Today we worked with Upstate Theatre in Drogheda, a city of about 37,000 people in County Louth. This is our eighth summer program working with Upstate, and the company has rolled out an amazing welcome and an inspiring input each and every year. Today was no exception.
We were greeted by Upstate board member Irene White and Director Declan Mallon, and Declan proceeded to walk us through the history and ethos of Upstate Theatre. This was followed by two panel discussions with artists talking about the creation of new work with members of the Drogheda community. Feidlim Cannon and some of his company members talked about a new work called The Far Side that will premiere in November of this year, and Paul Hayes and actors from his project talked about the very successful Ship Street Revisited, a site-specific work that has its audience travel to five different houses to explore the people and history of Ship Street in Drogheda. We were also welcomed by the Mayor of Drogheda, Paul Bell, and he presented me with the coat of arms of the city.
After a wonderful lunch, we walked through town to the Barbican Centre for a three-hour movement workshop with Zara Starr, a choreographer working with Upstate on a new piece about the idea of home in Ireland. Zara took the group through an intense physical process that pushed the groups’ collaboration skills to the max. She followed this with some great work to create movement phrases, what she called strings. She set the group off in pairs, and asked the partners to create 12 points where they moved around, by, and/or through each other. Once these strings were set, she then asked the performers to take the work one step further by adding various dynamics to the phrases. Following a break, Zara then split the students into four groups and gave them 20 minutes to create an original piece about home. Each of the groups shared their work, and Zara recorded the material, with the intention that it may actually find its way into Upstate’s new work.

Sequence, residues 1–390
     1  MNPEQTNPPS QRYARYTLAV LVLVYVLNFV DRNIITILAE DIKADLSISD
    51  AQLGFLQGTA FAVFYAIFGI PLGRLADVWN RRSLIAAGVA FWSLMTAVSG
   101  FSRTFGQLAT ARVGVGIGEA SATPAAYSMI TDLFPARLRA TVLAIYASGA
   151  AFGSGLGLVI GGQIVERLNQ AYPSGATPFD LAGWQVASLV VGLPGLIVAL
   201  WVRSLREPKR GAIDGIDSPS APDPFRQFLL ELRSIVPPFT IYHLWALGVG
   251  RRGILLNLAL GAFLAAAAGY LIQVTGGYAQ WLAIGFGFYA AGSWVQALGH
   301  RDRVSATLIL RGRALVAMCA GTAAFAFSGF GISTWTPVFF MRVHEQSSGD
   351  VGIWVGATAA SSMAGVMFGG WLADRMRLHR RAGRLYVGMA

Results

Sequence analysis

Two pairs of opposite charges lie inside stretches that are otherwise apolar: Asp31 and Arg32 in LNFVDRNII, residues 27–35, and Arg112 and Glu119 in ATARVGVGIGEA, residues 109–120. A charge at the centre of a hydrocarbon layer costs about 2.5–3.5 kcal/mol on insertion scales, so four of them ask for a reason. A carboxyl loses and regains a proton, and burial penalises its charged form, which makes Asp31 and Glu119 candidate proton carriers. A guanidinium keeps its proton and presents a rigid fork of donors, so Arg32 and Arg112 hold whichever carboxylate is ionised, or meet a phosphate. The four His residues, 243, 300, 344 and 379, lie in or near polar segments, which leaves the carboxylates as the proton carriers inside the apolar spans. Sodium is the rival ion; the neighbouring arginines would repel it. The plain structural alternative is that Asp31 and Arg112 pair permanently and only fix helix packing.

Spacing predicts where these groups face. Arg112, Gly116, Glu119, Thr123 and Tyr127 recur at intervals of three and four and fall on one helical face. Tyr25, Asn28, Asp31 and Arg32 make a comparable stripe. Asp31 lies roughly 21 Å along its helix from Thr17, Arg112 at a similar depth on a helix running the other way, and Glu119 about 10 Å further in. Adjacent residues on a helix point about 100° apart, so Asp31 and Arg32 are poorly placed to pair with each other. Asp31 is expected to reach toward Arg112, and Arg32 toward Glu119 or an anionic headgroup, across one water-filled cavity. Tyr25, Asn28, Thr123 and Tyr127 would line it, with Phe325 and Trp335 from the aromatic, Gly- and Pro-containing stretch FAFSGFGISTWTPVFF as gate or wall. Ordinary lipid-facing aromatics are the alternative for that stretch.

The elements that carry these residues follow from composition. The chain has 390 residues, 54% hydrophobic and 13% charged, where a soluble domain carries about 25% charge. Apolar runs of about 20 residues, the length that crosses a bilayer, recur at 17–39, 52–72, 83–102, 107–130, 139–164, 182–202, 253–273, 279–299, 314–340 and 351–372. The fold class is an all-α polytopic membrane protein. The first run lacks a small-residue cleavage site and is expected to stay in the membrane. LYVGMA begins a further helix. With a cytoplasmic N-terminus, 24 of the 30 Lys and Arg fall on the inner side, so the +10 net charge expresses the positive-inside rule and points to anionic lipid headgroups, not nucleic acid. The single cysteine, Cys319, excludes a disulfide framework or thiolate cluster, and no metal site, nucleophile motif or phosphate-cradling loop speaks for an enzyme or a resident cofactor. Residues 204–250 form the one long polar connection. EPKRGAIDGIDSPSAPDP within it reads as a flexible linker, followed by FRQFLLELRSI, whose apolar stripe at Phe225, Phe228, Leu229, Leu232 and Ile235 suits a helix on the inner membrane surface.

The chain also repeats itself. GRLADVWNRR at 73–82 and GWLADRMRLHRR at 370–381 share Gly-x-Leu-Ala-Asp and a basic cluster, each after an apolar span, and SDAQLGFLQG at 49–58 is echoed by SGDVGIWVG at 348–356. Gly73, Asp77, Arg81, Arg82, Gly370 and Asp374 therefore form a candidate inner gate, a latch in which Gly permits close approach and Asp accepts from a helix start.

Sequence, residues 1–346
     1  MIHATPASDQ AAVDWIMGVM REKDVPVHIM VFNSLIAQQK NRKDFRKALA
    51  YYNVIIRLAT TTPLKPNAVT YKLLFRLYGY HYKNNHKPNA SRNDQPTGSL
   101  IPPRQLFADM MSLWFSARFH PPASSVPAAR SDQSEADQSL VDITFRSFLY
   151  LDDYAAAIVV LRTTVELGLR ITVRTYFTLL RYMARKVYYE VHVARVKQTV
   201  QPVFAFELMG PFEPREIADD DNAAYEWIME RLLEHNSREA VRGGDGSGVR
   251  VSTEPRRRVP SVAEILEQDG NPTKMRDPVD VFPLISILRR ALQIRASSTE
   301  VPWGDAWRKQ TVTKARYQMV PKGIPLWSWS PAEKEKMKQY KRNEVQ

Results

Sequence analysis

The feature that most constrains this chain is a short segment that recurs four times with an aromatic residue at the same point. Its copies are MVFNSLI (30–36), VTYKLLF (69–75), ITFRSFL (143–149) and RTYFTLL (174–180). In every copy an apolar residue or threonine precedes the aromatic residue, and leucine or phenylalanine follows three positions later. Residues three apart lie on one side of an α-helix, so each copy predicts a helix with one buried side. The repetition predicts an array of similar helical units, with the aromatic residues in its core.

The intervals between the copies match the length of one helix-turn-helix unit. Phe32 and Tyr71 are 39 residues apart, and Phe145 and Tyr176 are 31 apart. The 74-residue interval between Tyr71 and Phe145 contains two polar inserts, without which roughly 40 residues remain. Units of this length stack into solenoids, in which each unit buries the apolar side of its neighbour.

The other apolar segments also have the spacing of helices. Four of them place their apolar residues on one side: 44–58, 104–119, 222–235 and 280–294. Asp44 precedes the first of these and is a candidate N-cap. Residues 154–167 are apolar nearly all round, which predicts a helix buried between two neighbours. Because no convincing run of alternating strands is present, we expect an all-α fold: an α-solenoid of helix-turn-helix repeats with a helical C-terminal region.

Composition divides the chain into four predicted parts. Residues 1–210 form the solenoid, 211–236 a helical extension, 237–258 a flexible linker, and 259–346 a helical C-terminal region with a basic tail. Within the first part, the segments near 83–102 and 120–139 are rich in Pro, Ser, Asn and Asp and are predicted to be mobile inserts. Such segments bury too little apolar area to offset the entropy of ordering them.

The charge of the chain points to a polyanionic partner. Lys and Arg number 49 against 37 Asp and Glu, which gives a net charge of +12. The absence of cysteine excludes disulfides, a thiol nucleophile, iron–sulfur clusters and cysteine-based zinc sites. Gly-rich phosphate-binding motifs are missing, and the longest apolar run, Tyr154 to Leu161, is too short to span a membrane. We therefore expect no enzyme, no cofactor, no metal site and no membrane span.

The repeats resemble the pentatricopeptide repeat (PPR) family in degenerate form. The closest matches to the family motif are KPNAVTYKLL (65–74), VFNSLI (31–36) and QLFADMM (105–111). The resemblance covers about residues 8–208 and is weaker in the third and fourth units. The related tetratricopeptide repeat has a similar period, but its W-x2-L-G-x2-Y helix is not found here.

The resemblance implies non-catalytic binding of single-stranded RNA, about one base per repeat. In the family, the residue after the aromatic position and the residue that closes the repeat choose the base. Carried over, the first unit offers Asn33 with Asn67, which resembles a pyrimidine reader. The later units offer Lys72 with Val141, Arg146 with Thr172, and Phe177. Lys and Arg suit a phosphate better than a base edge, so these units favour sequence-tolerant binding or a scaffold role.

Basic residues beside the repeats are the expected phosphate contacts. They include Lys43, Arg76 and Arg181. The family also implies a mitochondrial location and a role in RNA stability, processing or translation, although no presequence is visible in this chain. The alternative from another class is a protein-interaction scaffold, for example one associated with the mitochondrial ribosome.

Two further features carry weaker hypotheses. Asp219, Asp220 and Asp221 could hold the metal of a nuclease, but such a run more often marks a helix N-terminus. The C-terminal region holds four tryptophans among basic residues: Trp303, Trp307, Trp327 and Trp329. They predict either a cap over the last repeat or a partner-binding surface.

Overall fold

Upstate ended the day with sandwiches and drinks at a pub in town, complete with a trio of Irish musicians. As usual, the group left with a lot to ponder based on the inspiring work that we saw and participated in throughout the day. Our work with Upstate is always a highlight for this course, as students really see the range of possibilities that exists when a company fully embraces what it means to be engaged with the community. Upstate has been doing that from its beginnings, and it is evident in the depth and scope of the work that the company creates and produces.
Here are some additional notes, thoughts, and quotations, that I took from the day’s events. I think they are worth consideration for anyone working in an applied or community-engaged way.
From Declan Mallon’s presentation:
“Cultural inclusion is an equal right to participate in the nation’s artistic and cultural life . . . a fundamental democratic right.”
“Civic aesthetic space belongs in the psychological space that we all share.”
Sometimes the methodologies we use don’t work for the communities we’re creating with. We have to change the approach so that we build trust with those participants.
“Art is discursive.”
The terms “citizen artist” and “artist citizen”
Reminder: The belief that all people are creative
In community work, people may be the most comfortable with their own stories.
“There’s no one way to skin this cat called art.”
“We are multicultural within our own communities.”
From Feidlim Cannon:
Hand over the workshop to the participants. Make it about them instead of about the artist.
“Trying to make the screen dance” as it relates to the use of video in performance.
Because the lead artist is not from Drogheda, it may be easier for him to make choices about what stories and materials stay in the play and what parts come out.
Concise steps for interviewing participants for stories: “Interview, take the testimony, go off and investigate it.”
From Paul Hayes:
Paul mentioned the “rules of dramaturgy” for his project, and it made me think of the importance of aesthetic. Being rigorous about consistency in performance is part of that.
A paraphrase: Paul is aiming his shows at people who don’t come into formal theatres.
How can we all think more intentionally about this idea? Not everyone feels comfortable coming into a traditional theatre. How can we tell stories in places other than traditional theatre? It’s happening, but it needs to happen more. It’s a new challenge for myself.
From Zara Starr:
Create a string of movement with a partner:
“Hold on tightly; let go lightly.”
Practice this when creating new material for a work in progress.